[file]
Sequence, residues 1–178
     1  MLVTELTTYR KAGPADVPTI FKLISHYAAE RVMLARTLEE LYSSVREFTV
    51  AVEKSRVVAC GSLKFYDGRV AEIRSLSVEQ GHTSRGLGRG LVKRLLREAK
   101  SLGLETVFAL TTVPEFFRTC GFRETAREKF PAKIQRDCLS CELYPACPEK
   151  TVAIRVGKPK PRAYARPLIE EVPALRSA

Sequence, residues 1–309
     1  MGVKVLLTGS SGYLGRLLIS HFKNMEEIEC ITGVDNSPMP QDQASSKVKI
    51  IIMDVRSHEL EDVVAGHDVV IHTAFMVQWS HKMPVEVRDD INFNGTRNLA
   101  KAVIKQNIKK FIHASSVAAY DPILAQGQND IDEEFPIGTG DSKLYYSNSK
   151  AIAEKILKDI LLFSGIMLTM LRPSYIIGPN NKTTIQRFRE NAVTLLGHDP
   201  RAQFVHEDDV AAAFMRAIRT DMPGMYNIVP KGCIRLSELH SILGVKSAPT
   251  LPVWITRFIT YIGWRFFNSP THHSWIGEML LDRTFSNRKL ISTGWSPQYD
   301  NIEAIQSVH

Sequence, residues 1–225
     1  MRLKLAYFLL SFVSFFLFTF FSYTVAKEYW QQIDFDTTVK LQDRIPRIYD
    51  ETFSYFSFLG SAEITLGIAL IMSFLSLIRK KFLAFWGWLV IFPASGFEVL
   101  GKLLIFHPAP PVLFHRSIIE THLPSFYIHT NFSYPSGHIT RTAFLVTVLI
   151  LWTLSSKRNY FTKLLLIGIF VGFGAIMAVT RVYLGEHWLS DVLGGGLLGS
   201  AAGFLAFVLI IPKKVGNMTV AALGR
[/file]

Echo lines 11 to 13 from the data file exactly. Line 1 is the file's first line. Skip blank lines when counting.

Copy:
   201  RAQFVHEDDV AAAFMRAIRT DMPGMYNIVP KGCIRLSELH SILGVKSAPT
   251  LPVWITRFIT YIGWRFFNSP THHSWIGEML LDRTFSNRKL ISTGWSPQYD
   301  NIEAIQSVH